Special Issue "Probiotics: From Quality Assessment to Microbial Ecology"

A special issue of Microorganisms (ISSN 2076-2607). This special issue belongs to the section "Food Microbiology".

Deadline for manuscript submissions: 31 May 2019

Special Issue Editors

Guest Editor
Prof. Simone Guglielmetti

Department of Food, Universita degli Studi di Milano, Milan, Italy
Website | E-Mail
Interests: probiotics; food microbiology; impact of food components on the intestinal microbial ecosystem; host-associated microbial ecology
Guest Editor
Dr. Valentina Taverniti

Department of Food, Universita degli Studi di Milano, Milan, Italy
Website | E-Mail
Interests: probiotics; food microbiology; interaction with host’s immune system; microbe-associated molecular patterns (MAMPs)

Special Issue Information

Dear Colleagues,

The use of selected microbial cultures to prevent or treat pathologic conditions has gained a wide popularity, leading to the development of a constantly increasing number of foods and supplements (probiotics, sensu strictu) and medical applications (more properly defined as live biotherapeutics).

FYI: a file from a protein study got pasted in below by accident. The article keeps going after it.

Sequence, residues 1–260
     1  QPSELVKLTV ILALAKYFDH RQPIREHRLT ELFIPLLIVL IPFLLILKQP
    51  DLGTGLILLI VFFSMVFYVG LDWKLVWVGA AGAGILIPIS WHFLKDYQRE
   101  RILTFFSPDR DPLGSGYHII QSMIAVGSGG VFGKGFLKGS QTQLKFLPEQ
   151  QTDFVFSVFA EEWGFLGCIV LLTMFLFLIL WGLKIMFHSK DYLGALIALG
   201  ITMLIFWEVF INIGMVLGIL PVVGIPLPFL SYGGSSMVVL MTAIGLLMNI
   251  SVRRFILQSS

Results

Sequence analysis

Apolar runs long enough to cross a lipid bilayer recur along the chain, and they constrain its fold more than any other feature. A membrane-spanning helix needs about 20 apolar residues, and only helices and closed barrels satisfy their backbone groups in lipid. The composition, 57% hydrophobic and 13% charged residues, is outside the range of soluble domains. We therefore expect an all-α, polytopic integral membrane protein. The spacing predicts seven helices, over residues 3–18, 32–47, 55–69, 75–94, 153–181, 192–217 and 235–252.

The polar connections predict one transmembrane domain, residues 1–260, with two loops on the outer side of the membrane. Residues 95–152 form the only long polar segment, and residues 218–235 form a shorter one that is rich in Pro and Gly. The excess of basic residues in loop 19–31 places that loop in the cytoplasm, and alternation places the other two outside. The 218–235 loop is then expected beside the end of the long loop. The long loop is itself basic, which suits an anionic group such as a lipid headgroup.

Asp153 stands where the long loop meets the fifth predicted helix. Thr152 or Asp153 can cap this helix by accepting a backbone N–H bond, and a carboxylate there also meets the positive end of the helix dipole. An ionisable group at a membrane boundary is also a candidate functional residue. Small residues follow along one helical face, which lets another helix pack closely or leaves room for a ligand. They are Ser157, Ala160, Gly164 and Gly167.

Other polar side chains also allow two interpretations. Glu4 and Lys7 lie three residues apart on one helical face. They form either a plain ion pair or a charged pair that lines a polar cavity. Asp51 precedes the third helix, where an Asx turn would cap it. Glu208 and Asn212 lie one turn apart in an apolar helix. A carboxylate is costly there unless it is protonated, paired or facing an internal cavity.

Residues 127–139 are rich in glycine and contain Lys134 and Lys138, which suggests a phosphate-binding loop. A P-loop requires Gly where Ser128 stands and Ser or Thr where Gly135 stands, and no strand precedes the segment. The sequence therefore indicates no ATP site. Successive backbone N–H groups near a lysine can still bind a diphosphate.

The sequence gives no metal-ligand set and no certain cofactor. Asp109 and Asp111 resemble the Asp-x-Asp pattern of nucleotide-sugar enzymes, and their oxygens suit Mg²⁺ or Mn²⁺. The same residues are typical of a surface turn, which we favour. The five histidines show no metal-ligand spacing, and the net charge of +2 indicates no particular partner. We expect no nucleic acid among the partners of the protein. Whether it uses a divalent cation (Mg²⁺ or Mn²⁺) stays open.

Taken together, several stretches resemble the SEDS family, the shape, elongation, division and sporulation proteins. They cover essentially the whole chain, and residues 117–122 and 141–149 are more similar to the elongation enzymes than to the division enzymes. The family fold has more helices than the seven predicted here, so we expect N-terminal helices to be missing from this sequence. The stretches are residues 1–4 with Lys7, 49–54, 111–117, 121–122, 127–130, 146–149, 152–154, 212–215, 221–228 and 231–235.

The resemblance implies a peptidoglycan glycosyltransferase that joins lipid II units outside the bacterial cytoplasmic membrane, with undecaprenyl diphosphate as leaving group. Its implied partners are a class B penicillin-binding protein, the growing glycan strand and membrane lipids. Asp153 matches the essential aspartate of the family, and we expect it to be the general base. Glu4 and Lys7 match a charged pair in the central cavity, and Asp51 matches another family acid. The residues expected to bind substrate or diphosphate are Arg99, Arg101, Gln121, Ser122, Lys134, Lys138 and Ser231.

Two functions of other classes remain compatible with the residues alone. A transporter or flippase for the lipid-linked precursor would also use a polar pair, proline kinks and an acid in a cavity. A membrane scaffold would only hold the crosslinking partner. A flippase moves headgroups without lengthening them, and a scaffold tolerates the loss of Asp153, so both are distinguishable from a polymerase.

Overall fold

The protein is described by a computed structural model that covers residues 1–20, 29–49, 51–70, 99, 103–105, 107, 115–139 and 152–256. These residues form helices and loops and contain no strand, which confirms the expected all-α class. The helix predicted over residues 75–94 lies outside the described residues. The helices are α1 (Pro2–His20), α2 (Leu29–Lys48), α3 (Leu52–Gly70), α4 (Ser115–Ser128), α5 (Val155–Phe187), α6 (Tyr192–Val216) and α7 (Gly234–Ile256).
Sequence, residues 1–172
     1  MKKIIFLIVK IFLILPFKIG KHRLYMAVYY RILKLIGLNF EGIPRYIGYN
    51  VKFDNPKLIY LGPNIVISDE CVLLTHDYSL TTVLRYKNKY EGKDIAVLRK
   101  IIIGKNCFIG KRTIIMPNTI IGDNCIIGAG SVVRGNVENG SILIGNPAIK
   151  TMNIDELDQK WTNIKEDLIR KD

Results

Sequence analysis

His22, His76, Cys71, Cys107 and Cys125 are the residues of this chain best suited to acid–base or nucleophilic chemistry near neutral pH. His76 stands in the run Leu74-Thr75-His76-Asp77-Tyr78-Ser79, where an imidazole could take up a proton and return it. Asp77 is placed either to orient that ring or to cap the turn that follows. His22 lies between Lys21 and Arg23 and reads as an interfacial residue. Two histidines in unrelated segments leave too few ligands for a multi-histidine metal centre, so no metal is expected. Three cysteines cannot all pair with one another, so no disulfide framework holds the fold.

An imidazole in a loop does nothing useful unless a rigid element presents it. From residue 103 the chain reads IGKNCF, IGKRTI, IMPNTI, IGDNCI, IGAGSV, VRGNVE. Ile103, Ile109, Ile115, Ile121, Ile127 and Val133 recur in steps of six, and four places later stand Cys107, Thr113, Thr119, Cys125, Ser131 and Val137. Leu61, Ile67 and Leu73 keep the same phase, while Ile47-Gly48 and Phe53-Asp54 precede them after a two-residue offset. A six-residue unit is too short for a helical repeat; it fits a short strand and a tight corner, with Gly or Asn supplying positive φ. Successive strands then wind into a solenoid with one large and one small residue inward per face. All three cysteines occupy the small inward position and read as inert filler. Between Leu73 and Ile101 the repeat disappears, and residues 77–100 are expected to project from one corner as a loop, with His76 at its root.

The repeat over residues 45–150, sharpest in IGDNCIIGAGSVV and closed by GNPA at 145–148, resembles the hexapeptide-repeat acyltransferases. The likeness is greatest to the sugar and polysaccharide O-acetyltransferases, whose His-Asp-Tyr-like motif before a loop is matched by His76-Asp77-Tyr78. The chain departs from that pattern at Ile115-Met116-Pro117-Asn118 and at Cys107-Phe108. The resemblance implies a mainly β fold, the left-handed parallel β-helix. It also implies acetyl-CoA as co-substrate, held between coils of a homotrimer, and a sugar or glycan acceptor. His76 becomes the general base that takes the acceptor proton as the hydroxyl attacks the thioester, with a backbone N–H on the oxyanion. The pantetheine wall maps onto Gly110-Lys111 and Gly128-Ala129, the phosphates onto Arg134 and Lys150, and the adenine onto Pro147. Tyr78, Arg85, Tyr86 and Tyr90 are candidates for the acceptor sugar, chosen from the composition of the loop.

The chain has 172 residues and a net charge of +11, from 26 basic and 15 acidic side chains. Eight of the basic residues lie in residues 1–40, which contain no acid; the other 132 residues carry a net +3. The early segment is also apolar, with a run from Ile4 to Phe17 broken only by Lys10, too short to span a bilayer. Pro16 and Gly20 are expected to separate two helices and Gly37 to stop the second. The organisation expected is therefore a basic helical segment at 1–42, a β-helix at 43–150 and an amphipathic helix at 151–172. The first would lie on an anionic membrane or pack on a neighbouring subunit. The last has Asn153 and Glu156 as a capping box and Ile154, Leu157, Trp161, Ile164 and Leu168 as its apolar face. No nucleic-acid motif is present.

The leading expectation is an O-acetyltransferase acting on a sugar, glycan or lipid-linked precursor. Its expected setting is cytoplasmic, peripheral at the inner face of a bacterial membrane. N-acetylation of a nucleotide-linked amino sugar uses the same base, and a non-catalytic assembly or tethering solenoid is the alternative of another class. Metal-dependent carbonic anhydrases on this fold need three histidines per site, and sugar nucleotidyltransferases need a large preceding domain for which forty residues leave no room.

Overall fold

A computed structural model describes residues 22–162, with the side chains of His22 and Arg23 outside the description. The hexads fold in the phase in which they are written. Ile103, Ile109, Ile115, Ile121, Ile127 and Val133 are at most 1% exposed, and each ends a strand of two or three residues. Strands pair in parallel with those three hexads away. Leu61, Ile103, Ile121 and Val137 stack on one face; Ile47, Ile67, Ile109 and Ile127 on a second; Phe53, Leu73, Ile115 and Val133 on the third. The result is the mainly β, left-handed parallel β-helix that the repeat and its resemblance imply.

This Special Issue of Microorganisms focuses on the ecological and microbiological aspects related to probiotic products and their impact on host-associated microbiotas. We invite you to send contributions on the most recent scientific research on probiotics, including:

- microbiological aspects of probiotics and live biotherapeutic formulations (e.g., assessment of microbial viability and taxonomic quality of probiotic commercial products);

- probiotic persistence in and colonization of host’s ecological niches (e.g., probiotic recovery studies);

- modulation of host-associated microbiotas and microbiomes by probiotics;

- impact of probiotics on the microbial metabolism of food components in the host’s gastro-intestinal tract (including the oral cavity);

- isolation and characterization of next-generation probiotics to be employed as live biotherapeutics.

This Special Issue is not restricted to reports describing the oral intake of probiotics and the related effects on the gastrointestinal tract, but also comprises studies on the topical administration of probiotics, for instance skin and vaginal applications. In addition, studies on inactivated microorganisms (paraprobiotics) or their secreted products (postbiotics) are also welcome.

Prof. Simone Guglielmetti
Dr. Valentina Taverniti
Guest Editors

Manuscript Submission Information

Manuscripts should be submitted online at www.mdpi.com by registering and logging in to this website. Once you are registered, click here to go to the submission form. Manuscripts can be submitted until the deadline. All papers will be peer-reviewed. Accepted papers will be published continuously in the journal (as soon as accepted) and will be listed together on the special issue website. Research articles, review articles as well as short communications are invited. For planned papers, a title and short abstract (about 100 words) can be sent to the Editorial Office for announcement on this website.